Marikana cops were warned about danger

2013-06-13 22:00
(Picture: Sapa)

(Picture: Sapa)

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Johannesburg - Police were told about the danger they would face at a hill in Marikana during mining unrest last year, the Farlam Commission of Inquiry heard on Thursday.

Vuyani Ngalwana, for the police, read a statement by Warrant Officer Rapheso Masenya to North West deputy police commissioner General William Mpembe.

Masenya was part of the operations on 16 August and recorded events with a video camera.

He said in his statement that he and his team were told by Association of Mineworkers and Construction Union (Amcu) president Joseph Mathunjwa not to get close to the protesters because they would get hurt.

"He advised we should not get closer as they [miners] were angry and would injure us... he said it in isiXhosa: bazonilimaza la babantu... [these people will hurt you]." Mathunjwa had addressed the protesters just after midday.

Police spokesperson Dennis Adriao told Masenya and his team: "You are being identified as police spies and you should withdraw from this place as miners said they would kill you."

Masenya said he and his team, who were filming the scene, went back to the operations centre.

Asked whether he had received Masenya's information at that time, Mpembe said he only knew about it after the shooting.

Mpembe said he was not aware that Mathunjwa was addressing protesters at the hill at that time. He told the commission police were already deployed along the hill immediately, after the move to launch a dispersal plan was agreed upon at a police task team meeting.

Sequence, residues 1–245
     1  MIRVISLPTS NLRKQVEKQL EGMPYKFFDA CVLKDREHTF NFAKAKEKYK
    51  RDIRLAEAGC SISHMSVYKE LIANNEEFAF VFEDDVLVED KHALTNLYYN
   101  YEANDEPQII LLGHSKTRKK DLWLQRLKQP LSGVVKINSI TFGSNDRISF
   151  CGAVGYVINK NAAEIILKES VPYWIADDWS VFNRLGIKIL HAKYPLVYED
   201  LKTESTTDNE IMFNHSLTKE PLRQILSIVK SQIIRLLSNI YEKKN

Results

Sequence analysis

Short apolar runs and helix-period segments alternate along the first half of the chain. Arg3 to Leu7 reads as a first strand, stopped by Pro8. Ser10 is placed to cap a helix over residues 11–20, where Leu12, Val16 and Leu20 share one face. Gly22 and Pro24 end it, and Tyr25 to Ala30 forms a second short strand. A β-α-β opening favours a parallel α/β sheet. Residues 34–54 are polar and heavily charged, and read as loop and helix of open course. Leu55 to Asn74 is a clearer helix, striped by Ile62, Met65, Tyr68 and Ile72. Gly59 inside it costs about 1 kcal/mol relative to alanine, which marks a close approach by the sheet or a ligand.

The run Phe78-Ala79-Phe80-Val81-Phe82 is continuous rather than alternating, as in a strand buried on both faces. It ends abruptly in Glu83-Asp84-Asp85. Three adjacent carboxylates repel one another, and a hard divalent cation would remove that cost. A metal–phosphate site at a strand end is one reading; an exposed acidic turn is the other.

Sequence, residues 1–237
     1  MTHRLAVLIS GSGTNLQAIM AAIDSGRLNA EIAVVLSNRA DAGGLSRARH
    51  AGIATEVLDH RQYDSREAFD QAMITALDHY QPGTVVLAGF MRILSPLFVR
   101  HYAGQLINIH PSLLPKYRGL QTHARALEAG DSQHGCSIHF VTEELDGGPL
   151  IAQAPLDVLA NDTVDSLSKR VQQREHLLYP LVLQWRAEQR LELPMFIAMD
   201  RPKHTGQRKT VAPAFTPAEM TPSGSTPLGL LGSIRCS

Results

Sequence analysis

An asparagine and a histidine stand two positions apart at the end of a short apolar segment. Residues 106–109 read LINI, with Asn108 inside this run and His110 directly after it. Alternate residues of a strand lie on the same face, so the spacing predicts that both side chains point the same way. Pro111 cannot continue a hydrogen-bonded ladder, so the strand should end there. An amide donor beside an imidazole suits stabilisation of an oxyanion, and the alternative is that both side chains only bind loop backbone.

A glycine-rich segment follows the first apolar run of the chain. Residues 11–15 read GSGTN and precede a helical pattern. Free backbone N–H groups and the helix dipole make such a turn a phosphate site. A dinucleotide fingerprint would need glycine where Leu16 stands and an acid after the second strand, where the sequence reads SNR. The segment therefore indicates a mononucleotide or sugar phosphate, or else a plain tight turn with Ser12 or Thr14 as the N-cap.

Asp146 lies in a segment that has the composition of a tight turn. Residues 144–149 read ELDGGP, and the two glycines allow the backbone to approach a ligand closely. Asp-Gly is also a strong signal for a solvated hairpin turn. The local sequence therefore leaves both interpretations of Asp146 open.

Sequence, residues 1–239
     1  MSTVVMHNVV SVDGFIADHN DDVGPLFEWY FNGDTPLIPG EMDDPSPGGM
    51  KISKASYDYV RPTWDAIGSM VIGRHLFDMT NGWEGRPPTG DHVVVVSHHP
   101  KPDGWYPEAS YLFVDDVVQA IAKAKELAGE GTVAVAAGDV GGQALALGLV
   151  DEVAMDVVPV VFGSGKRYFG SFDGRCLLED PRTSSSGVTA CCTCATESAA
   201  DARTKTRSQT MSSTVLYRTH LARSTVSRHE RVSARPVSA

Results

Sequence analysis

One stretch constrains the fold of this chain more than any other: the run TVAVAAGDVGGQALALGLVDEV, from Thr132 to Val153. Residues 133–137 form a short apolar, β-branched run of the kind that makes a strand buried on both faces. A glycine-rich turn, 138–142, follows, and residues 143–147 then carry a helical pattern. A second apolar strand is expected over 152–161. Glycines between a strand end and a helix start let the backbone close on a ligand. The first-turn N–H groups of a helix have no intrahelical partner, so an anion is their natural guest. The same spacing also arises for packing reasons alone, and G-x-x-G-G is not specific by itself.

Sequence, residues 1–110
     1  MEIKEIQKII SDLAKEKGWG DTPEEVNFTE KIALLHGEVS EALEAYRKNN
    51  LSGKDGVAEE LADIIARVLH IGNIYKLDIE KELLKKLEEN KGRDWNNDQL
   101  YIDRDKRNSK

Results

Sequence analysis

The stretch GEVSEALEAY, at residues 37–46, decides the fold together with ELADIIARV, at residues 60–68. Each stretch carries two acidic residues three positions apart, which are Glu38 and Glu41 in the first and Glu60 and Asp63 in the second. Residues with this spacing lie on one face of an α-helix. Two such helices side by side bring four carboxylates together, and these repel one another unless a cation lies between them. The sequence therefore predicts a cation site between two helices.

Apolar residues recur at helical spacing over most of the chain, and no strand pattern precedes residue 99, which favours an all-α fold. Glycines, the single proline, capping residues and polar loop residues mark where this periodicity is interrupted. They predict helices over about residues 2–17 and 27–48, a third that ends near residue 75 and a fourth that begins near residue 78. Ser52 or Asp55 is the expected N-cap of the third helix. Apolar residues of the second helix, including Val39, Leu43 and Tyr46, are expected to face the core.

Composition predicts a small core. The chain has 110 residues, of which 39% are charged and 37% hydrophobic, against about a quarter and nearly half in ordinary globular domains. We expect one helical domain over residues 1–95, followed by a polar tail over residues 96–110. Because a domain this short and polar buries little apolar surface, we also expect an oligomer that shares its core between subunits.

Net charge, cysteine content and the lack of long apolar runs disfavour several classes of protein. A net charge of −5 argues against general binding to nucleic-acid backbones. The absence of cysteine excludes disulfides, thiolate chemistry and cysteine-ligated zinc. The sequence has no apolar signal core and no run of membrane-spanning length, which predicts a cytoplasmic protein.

Earlier, he said he made the decision to disperse the protesters, and that his superior, provincial commissioner Lieutenant General Zukiswa Mbombo, and the rest of the team agreed.

As he was getting ready to leave the police command centre and board a private security helicopter to the scene, Mpembe said he heard on the police radio that protesters were moving towards the police line.

Police did not have footage of the shooting because Masenya and his team had left the scene, said Ngalwana.

Commission chairperson, retired Judge Ian Farlam, asked Mpembe why those tasked with filming did not make use of the police safe line meant to protect other officers and the media.

"Why didn't they go there so that they can carry on filming and taking pictures?" he asked Mpembe.

Mpembe said the information he received indicated it was dangerous for some of the officers to remain there.

The commission, sitting in Centurion, is probing the circumstances surrounding the deaths of 44 people during an unprotected strike at Lonmin's platinum mine in Marikana, in August.

The hearing continues on Friday.

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Read more on:    amcu  |  lonmin  |  police  |  william mpembe  |  joseph mathunjwa  |  ian farlam  |  dennis adriao  |  mahikeng  |  marikana inquiry
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